Maurice “Bojangles” Blanchard was born in Promised Land, South Carolina, the son of a Southern Baptist Minister, and says, “I grew up in church as much as I was in home.” He was given his nickname at the age of three, when his grandfather noticed his ability to replicate any dance move he saw.

When he came out as a gay man, he experienced rejection from the church. “I was angry at God,” he says. After struggling to reconcile his faith with his sexual orientation, he says he came to the conclusion that, “I was created like this, so I can’t believe in a God who would create me bound to hell, as they’re telling me I am.” Blanchard is now a co-chair of the Faith Leaders for Fairness—part of the Fairness Campaign—and leads the True Colors Ministry at Highland Baptist Church. He’s earning his Masters of Divinity at Louisville Presbyterian Theological Seminary and will be ordained at the end of May, making him the first openly gay person to be ordained at Highland Baptist.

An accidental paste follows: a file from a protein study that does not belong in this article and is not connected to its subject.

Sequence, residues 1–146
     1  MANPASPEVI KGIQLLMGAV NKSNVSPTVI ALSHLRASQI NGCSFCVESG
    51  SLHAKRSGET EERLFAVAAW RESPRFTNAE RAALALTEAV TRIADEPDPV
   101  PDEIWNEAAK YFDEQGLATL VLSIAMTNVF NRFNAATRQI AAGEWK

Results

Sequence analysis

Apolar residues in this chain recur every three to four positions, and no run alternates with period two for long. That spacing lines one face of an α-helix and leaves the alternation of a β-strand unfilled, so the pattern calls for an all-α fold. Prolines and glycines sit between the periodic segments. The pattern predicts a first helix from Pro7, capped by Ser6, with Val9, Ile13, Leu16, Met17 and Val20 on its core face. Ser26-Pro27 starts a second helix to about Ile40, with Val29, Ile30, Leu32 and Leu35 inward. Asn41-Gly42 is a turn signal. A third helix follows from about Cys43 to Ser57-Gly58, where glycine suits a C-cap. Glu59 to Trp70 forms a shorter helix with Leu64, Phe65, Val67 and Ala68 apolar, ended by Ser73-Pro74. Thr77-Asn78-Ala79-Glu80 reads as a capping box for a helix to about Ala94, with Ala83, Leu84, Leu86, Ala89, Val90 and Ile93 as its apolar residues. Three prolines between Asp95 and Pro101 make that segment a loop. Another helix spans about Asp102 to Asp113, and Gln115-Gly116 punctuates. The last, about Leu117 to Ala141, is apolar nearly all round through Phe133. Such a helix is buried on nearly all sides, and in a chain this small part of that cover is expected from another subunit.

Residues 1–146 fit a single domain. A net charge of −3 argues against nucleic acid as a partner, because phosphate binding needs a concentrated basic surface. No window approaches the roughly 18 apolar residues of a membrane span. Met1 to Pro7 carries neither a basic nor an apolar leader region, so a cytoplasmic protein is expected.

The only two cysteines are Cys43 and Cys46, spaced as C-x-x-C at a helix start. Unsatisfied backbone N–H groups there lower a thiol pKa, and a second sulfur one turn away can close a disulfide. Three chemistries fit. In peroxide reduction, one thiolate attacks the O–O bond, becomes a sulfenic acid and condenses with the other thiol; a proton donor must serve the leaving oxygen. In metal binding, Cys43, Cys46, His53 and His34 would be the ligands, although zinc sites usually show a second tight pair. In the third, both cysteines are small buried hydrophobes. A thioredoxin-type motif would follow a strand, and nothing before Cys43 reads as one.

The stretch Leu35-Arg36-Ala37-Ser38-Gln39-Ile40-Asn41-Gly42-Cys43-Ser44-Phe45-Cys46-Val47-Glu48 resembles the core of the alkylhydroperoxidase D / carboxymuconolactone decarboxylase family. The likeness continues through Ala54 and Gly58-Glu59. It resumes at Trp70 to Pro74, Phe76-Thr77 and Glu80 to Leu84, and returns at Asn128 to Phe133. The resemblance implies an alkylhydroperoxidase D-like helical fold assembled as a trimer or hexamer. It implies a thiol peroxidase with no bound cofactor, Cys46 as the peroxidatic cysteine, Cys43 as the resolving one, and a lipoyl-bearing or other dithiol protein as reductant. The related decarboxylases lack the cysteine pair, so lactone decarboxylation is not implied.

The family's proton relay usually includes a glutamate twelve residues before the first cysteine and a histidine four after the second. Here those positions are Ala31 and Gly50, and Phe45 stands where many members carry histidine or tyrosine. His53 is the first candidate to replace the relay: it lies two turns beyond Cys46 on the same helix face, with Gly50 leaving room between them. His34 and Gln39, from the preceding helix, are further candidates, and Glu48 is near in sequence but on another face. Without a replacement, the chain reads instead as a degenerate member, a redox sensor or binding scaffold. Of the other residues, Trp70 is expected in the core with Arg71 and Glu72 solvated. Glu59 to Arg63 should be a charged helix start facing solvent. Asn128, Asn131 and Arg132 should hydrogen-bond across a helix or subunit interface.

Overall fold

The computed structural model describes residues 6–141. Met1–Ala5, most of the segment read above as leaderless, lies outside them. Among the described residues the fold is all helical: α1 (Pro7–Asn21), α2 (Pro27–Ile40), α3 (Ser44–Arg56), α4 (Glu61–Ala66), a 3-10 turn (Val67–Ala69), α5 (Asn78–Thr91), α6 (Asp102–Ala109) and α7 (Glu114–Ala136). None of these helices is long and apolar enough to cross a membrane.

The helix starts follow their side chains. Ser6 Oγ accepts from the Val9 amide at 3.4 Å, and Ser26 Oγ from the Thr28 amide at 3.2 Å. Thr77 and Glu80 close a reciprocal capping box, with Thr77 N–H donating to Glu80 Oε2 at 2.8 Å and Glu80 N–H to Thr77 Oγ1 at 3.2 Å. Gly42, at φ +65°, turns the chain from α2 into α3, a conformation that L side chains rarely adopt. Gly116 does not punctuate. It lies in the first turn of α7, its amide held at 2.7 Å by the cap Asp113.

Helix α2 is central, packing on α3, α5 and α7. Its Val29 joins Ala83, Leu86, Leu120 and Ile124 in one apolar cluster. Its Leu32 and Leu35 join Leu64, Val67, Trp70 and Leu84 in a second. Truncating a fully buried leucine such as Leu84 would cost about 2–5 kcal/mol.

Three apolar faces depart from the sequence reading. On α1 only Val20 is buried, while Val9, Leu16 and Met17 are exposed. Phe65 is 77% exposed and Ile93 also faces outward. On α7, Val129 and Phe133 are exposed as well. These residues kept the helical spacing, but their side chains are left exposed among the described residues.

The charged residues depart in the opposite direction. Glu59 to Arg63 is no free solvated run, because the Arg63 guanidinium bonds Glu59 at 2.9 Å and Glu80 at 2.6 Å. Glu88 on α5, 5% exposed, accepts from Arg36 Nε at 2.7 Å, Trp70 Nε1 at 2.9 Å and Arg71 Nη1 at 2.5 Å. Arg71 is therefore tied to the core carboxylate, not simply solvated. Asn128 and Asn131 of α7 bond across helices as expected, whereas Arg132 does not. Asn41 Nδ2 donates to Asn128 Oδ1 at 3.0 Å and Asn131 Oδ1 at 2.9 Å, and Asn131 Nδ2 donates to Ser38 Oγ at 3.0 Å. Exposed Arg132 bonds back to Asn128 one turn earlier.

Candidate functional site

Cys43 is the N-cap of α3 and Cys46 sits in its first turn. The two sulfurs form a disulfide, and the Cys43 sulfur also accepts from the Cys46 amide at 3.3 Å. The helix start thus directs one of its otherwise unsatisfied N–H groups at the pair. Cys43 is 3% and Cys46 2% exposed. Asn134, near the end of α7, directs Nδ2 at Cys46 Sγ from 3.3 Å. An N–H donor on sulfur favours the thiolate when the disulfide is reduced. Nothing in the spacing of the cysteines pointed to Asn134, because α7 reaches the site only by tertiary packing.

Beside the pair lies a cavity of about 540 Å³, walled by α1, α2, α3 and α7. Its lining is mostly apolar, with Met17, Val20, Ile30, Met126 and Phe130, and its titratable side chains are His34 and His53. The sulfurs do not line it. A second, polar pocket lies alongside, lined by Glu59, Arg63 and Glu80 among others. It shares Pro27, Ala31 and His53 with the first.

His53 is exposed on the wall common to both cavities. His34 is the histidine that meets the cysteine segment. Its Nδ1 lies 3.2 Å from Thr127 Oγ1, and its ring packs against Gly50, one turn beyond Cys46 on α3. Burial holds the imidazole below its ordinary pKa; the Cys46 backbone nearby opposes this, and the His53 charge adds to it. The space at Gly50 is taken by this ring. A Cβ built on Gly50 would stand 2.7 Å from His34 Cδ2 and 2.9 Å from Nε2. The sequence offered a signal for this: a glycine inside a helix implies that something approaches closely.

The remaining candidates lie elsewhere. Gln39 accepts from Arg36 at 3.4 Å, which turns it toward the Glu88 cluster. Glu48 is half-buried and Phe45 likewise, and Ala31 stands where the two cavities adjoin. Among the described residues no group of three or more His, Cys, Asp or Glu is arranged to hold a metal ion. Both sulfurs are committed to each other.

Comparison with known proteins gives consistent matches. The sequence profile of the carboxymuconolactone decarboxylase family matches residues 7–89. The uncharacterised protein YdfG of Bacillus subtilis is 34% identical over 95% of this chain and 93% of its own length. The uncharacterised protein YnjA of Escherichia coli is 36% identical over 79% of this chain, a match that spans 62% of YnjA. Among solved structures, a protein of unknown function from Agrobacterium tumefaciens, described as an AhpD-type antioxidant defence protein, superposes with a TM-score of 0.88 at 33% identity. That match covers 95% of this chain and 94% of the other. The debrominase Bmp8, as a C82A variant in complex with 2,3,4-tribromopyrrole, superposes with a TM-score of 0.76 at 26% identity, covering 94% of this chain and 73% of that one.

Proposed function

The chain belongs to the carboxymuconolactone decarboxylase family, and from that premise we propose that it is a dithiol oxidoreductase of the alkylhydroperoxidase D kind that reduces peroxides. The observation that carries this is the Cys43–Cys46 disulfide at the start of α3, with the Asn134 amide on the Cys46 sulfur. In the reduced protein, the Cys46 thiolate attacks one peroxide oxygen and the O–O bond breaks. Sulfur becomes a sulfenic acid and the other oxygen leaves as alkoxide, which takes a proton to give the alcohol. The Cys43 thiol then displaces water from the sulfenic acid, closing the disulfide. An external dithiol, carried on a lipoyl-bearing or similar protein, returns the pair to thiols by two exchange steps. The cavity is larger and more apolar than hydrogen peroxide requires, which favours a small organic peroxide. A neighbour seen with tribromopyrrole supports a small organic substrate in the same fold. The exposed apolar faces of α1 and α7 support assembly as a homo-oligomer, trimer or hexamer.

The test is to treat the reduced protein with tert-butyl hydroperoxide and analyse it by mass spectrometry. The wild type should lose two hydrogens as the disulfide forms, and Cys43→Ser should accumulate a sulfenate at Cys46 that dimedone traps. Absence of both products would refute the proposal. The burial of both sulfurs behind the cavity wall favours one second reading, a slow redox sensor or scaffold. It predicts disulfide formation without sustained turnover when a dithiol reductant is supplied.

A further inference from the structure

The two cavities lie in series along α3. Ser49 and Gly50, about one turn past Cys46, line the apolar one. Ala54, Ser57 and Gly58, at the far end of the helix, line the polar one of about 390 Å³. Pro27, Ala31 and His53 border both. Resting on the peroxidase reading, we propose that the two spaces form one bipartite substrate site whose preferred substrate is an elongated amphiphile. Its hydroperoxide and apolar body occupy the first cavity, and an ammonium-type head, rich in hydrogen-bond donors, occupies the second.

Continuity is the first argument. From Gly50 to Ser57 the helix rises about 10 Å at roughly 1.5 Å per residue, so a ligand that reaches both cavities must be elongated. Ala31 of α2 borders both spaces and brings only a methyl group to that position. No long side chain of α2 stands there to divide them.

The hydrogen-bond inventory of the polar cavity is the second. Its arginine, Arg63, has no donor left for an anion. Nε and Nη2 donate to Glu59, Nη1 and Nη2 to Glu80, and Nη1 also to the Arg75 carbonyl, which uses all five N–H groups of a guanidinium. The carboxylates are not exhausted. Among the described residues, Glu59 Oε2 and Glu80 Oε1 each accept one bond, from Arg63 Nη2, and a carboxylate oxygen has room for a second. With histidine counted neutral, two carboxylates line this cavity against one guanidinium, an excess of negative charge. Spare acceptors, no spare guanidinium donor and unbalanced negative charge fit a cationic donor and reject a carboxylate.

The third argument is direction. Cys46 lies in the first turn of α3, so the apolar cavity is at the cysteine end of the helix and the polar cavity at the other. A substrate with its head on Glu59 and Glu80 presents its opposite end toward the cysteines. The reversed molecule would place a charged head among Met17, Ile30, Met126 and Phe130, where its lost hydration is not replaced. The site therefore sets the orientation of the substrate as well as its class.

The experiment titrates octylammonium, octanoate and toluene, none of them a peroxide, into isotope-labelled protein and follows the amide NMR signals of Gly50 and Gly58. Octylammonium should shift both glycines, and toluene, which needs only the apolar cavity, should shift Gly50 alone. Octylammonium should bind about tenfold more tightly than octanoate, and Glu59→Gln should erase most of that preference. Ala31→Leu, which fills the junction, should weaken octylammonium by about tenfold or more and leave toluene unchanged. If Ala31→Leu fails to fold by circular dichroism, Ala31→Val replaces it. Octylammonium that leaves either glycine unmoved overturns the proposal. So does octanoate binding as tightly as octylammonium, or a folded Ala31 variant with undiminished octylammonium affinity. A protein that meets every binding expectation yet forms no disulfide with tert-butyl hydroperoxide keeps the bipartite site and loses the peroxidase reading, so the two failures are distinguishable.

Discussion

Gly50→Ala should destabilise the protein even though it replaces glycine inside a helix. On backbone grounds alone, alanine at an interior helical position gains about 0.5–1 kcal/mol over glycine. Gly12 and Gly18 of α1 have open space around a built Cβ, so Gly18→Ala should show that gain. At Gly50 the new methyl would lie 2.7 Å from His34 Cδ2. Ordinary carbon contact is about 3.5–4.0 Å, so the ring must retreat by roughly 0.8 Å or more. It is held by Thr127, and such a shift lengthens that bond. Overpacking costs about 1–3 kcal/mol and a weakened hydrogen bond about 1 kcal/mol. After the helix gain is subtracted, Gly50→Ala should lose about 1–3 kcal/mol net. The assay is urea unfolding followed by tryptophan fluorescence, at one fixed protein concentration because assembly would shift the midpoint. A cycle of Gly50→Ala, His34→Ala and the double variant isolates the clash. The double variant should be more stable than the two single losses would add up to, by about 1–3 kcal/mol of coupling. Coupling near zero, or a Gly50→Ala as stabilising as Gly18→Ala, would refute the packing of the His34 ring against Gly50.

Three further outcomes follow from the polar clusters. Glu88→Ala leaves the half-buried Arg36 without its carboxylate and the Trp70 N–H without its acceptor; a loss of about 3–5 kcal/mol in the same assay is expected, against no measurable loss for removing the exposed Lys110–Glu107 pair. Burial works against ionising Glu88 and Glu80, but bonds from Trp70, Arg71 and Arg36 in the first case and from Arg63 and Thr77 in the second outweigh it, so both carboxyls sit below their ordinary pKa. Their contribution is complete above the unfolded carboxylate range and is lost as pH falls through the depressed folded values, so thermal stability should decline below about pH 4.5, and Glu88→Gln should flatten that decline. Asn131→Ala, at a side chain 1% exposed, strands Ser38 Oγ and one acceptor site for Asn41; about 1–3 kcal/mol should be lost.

Maurice Blanchard spoke with WFPL’s Phillip M. Bailey and Laura Ellis, beginning with a story he says illustrates how far Louisville still has to go in making public spaces feel safe for LGBTQ citizens.

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On the Work of Faith Leaders for Fairness
“We’re rebuilding bridges for the LGBT community, back to faith. To be honest with you, the biggest conflict I get is from LGBTQ folk when I tell them I’m a gay minister. There is some animosity there, understandably. That’s probably the biggest struggle I see right now, is re-introducing faith to a people who have been wounded so much.”

On Being Called to Ministry
“I began reading deeper into scriptures, speaking with theologians, doing study, getting into the ministry, and realized that there is a place for everyone in the Kingdom of God. That has been a realization that has taken time to soak in. And I have felt the calling to ministry, and no in seminary, and active in my church, and leading a True Colors Ministry, which is the first LGBT-affirming ministry in a Baptist Church that I’m aware of.”